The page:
Rep. Blanco: Rinaldi assumed protesters were undocumented, that's the problem with SB4

Chaos in the Capitol

EL PASO, Texas - State Rep. Cesar Blanco, (D) District 76, told ABC-7 his office called the Department of Public Safety Monday after it received a threat from a hate group.

"I think several of us are under protection - and we haven't reported this to anyone - but we received a phone call today from a racist organization, a hate group, and it said 'White Power,'" Blanco said.

The threat came in the wake of a heated argument that escalated into a scuffle on the Texas House Floor Monday. It started when activist groups protesting the new anti-sanctuary cities law in Texas were escorted out of the House galley by state troopers.

"Those who are watching in the gallery must remain quiet, and you know, I understand that," Blanco said, "The important thing to take away from this is that these protesters were non-violent. They were not silent, but they were non-violent and they were just exercising their first amendment right."

Blanco said he and several Hispanic House members were then approached by fellow state Rep. Matt Rinaldi, (R) District 115, who said, "I am so glad. I just called ICE. We are going to have all these people deported."

"It's unfortunate that Matt Rinaldi would make the assumption that because the protester were brown and because they looked like me, as an Hispanic, that they are undocumented. That's the problem with SB 4. That is the root problem with SB 4 and that is why we believe that SB4 will lead to racial profiling," Blanco said.

Blanco then told Rinaldi that Rinaldi's name sounded like an Italian name. "It wasn't too long ago when Italian and Irish immigrants were treated unfairly in this country and he proceeded to tell me that the difference between his family and these immigrant families is that his family loves America," Blanco said.

The El Paso state representative said he was offended. "My grandfather came to this country from Mexico. Several of his sons served in the military and I myself served in the military," Blanco said, "No one should question my loyalty. No one should question the loyalty of immigrants who come to this country to make a better life for themselves."

Rinaldi said other House members who were around him heard the comments and the "situation became heated." At no point did Blanco and Rinaldi get into a physical altercation, Blanco said. "In fact, he and I were mostly discussing. I was in the middle of separating him and another state representative actually," Blanco added.

"Since then, we've received apologies from other Republican members of the House, and I appreciate their concerns and their apologies, but the reality is Matt Rinaldi deserves to, should apologize to the body and to the immigrants in this country," Blanco said.

Later, a group of Democratic lawmakers held a press conference to accuse Rinaldi of threatening to "put a bullet in the head" of someone on the House floor. They said the comment was made in the direction of Democratic Rep. Poncho Nevarez, from the border town of Eagle Pass.

"Yeah. I mean, the guy made a comment, a very stupid comment. He's a racist. He's a bad person. We're not going to allow people like that to get away with saying comments like that, because they think nothing's gonna happen to them," Nevarez said.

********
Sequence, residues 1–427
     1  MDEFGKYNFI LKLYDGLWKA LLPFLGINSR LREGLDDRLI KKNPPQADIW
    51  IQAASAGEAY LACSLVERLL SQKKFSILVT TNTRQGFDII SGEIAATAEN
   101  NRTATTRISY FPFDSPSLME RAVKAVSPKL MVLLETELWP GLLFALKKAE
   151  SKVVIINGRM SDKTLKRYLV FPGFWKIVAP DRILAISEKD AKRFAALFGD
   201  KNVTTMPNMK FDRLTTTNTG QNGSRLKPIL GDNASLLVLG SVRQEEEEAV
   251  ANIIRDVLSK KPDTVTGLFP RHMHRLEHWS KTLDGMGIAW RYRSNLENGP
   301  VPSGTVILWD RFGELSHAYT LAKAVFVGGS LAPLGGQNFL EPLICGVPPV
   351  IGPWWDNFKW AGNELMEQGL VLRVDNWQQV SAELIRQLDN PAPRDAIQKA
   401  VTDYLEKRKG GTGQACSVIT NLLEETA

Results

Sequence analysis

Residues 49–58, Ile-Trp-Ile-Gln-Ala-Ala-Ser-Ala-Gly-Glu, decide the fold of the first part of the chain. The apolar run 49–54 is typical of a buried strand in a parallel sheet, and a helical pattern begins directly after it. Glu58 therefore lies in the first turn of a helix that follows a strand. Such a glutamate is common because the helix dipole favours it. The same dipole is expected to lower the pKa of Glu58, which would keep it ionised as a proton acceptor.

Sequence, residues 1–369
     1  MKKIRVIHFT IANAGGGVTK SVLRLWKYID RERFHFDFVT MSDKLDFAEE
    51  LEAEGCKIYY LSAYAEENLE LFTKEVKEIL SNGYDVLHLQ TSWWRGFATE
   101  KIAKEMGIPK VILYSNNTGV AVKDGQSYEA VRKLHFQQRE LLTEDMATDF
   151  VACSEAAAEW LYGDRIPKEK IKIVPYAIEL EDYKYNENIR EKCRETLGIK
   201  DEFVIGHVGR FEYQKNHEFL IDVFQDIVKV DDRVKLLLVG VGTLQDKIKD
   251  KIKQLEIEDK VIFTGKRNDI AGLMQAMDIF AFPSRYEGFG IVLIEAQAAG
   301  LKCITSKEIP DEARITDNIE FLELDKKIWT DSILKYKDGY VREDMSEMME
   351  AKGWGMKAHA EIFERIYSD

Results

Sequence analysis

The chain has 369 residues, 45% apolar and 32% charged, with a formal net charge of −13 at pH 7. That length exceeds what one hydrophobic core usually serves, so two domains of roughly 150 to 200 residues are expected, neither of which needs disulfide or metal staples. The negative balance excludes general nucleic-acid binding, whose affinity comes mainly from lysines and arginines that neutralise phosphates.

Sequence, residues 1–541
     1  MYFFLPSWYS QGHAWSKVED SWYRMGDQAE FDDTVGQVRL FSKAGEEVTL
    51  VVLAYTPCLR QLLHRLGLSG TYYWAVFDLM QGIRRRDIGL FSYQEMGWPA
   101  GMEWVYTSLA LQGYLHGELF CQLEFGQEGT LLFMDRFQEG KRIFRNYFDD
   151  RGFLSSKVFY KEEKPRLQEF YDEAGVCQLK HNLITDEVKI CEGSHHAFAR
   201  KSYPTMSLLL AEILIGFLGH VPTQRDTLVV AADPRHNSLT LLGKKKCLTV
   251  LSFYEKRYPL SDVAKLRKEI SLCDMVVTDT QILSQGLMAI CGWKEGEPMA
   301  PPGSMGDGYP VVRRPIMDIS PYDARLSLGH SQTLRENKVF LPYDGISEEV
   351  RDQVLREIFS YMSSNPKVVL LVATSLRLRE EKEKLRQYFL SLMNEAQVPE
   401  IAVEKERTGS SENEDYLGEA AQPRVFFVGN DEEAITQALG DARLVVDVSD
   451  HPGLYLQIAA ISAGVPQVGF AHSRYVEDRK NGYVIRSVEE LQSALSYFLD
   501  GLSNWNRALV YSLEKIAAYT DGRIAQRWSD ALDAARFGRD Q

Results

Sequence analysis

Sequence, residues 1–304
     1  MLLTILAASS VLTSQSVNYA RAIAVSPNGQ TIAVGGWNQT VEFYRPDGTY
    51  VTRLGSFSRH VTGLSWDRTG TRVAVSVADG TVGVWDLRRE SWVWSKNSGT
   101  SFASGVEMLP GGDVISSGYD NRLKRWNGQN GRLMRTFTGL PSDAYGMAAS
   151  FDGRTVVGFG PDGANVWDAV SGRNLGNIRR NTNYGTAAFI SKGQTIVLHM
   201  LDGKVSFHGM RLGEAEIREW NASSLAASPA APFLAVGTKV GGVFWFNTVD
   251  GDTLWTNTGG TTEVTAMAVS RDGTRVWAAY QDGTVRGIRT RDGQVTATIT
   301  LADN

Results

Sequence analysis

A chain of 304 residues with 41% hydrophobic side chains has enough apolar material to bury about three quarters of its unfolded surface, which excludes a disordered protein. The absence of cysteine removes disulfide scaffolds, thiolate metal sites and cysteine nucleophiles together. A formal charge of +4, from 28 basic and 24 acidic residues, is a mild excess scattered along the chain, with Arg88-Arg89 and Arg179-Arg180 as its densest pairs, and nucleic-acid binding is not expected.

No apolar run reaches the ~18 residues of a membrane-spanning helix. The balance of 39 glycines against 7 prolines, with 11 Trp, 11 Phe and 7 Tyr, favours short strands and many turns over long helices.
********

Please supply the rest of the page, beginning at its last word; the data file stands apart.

"I just remember they were saying stuff to me, I was saying stuff to them. Both were designed to incite each other. All sides were emotional," Rinaldi said.

But in a subsequent Facebook statement, Rinaldi admitted saying he'd called federal authorities and threatened to shoot Nevarez - but said his life was in danger, not the other way around.

"Nevarez threatened my life on the House floor after I called ICE on several illegal immigrants," Rinaldi wrote, who alleges Democrats were encouraging protesters to ignore police instructions.

Rinaldi said Nevarez later "told me that he would 'get me on the way to my car.'" Rinaldi said he responded by making it clear "I would shoot him in self-defense,"

Blanco told ABC-7 did not witness Rinaldi's alleged threat. "I was not there and I did not witness that comment, but other representatives did witness that comment," Blanco said.

Blanco said, "Violence is never the answer and we need to make sure there is decorum in the House. The Texas House is a place for peaceful deliberation - and discussions happen on issues that affect our state - and there is no room for that. And it is my hope that the leadership in the house calls our Rep. Rinaldi for his racist comments."

The District 75 Democrat further stated, "I think we're getting to the root of what SB 4 means and what the intent is for SB 4. I think there is a lot of hate in this state right now by individuals who dislike immigrants in our country and dislike Hispanics. I think this has trickled down from the Trump campaign who has campaigned on hatred towards our community."

In an editorial published in the San Antonio Express News, Texas Governor Greg Abbott stated "The objective of SB 4 is to identify dangerous criminals, not detain hardworking families or innocent children."

"SB 4 specifically prohibits racial profiling and discrimination. You will not be asked about your immigration status while walking down the street," Gov. Abbott said, "Under SB 4, law enforcement officers who profile or discriminate will be subject to serious consequences. Both Texas and federal law strictly forbid racial profiling."


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